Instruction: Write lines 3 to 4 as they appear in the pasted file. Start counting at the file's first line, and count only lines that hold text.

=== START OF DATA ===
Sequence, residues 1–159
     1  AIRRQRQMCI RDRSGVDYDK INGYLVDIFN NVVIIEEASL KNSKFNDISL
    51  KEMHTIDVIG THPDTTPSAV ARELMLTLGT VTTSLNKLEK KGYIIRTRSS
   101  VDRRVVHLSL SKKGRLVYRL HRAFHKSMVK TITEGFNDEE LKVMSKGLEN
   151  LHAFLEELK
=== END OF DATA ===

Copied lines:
    51  KEMHTIDVIG THPDTTPSAV ARELMLTLGT VTTSLNKLEK KGYIIRTRSS
   101  VDRRVVHLSL SKKGRLVYRL HRAFHKSMVK TITEGFNDEE LKVMSKGLEN